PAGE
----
Life in the Parking Lot

I slept in a parking lot last night.

Oh, I had a bed. And walls. And a bathroom. In what AirBnB described as an “urban cottage.” I guess “studio apartment in a corner of a parking lot” lacks a certain romance.

Naturally, my parking lot home comes with its own designated parking space. Ironically, I cannot park in it because of the giant pickup truck nearby. 

Still, I would rather be in the parking lot cottage (“parking lottage”?) than in the sterile, cookie-cutter motel the conference had reserved for us. The lottage has character, if not little bottles of skin cream.

But my father was an insurance man, so part of me can’t help wondering about whether this arrangement skirts regulations. All these do-it-yourself hoteliers and taxi drivers—don’t we need someone to make sure they know what they’re doing?

With the GOP busy dismantling every regulation they can get their paws on, we may be better off with mom & pop operations—if mom & pop understand ethics and safety. It may take a while for corporations to fully appreciate their freedom from regulatory interference, but once they realize the shackles have been removed, who knows what we can expect?

The GOP may be deregulating businesses, but they’ve started slapping regulations on language. The EPA is now barred from using the phrase “climate change.” Do they think if we can’t talk about it, it will go away? The polar ice will stop melting? No one will notice the tides rising? The air thickening with smog?

I guess there are crazier things than sleeping in a parking lot. At least I’m moving on in a couple of days; the insanity of the deregulators and the truth police will be with us long after Velveeta Voldemort has left us for a minimum security golf course.

What the customer wants — inclusion (if the Super Bowl ads are right)

“Listen hard to your customers. (Then listen some more.)”

Translation: Find out what the customer wants. And give it to them.

That particular advice comes from Pat Fallon and Fred Senn’s book Juicing the Orange. I haven’t read the book, but I did read a review of it in The New York Times back in 2006, which is how their “seven steps for creativity” landed in my quotation file.

The other rules, for the record:

“1) Always start from scratch
2) ‘Demand a ruthlessly simple definition of the business problem’
3) Find a ‘proprietary emotion’ you can appeal to. ‘Marketers who favor reason over emotion,’ they write, ‘will find themselves quite literally forgotten.’
4) Think big. Don’t be limited by the budget or the initial challenge.
5) Take calculated risks.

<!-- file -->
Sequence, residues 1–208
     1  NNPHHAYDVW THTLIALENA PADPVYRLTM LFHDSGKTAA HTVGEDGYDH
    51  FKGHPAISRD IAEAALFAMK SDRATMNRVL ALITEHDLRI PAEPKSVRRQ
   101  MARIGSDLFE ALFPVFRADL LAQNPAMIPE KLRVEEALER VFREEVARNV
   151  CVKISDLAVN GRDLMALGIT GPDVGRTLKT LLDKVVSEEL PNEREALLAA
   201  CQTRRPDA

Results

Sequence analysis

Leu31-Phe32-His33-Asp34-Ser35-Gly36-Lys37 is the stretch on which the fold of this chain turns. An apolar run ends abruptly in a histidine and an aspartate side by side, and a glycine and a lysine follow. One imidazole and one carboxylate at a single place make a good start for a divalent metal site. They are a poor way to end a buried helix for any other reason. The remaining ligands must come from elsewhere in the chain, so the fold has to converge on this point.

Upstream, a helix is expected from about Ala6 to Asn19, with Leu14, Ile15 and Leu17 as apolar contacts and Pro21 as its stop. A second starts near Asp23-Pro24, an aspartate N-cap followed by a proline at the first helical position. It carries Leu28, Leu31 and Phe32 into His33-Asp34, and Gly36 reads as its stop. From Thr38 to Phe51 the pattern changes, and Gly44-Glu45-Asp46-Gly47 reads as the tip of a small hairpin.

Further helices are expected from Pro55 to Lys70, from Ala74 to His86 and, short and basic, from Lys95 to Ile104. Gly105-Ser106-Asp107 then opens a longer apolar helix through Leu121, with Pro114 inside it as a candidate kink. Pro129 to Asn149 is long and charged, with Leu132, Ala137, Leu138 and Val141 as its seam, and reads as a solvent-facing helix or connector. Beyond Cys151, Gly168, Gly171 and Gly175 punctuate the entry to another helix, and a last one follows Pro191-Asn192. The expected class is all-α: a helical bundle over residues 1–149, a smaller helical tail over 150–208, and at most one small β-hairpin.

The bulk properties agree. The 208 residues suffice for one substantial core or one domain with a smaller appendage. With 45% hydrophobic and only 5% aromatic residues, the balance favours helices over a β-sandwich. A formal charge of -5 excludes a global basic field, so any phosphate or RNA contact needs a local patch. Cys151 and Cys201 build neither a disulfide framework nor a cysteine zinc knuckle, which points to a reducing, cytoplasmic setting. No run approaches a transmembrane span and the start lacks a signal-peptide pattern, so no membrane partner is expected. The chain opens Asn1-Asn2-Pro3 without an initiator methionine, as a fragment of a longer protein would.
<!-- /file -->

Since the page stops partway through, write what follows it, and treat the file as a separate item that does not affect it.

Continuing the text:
6) Collaborate with others both inside and outside your company to solve the problem.”

All of these, except perhaps the last, resonate with me as a writer. Be original. Boil complex issues down to simple (but sophisticated) explanations. Appeal to the audience’s emotions. Hmm…how to translate “think big”: Write what you feel needs to be written. Don’t second-guess or censor yourself.

what the customer wants is inclusion

But in the aftermath of the Super Bowl, I’m most struck by the ideas of listening to your customers (the audience) and leveraging emotion to convey your message. The video game and movie commercials treated us to a violent, dystopian world—one commercial showed tanks exploding into everyday situations; Tienanmen Square in your very own living room! But the consumer products companies told a story of compassion and inclusion. I’ll take that world, thanks.

The customer wants inclusion

My favorite was AirBnb’s “We accept” ad.

This isn’t just a political statement—it’s also brand positioning for AirBnb, which has faced issues stemming from some of its hosts discriminating against guests. See this piece on the Twitter hashtag #AirBnbwhileblack and this one about a “straight-friendly” host evicting a gay couple.

It’s a challenge for AirBnb, one they seem to have tackled forthrightly. But as discrimination becomes more socially acceptable, they may find they need something stronger than a feel-good advertisement or even a nondiscrimination pledge in their user agreement:

“We believe that no matter who you are, where you are from, or where you travel, you should be able to belong in the AirBnb community. By joining this community, you commit to treat all fellow members of this community, regardless of race, religion, national origin, disability, sex, gender identity, sexual orientation or age, with respect, and without judgment or bias.”

This is decidedly not the United States the current Republican administration envisions. But it is not what the customer wants — or most citizens, for that matter. Here’s hoping the corporate vision wins this battle.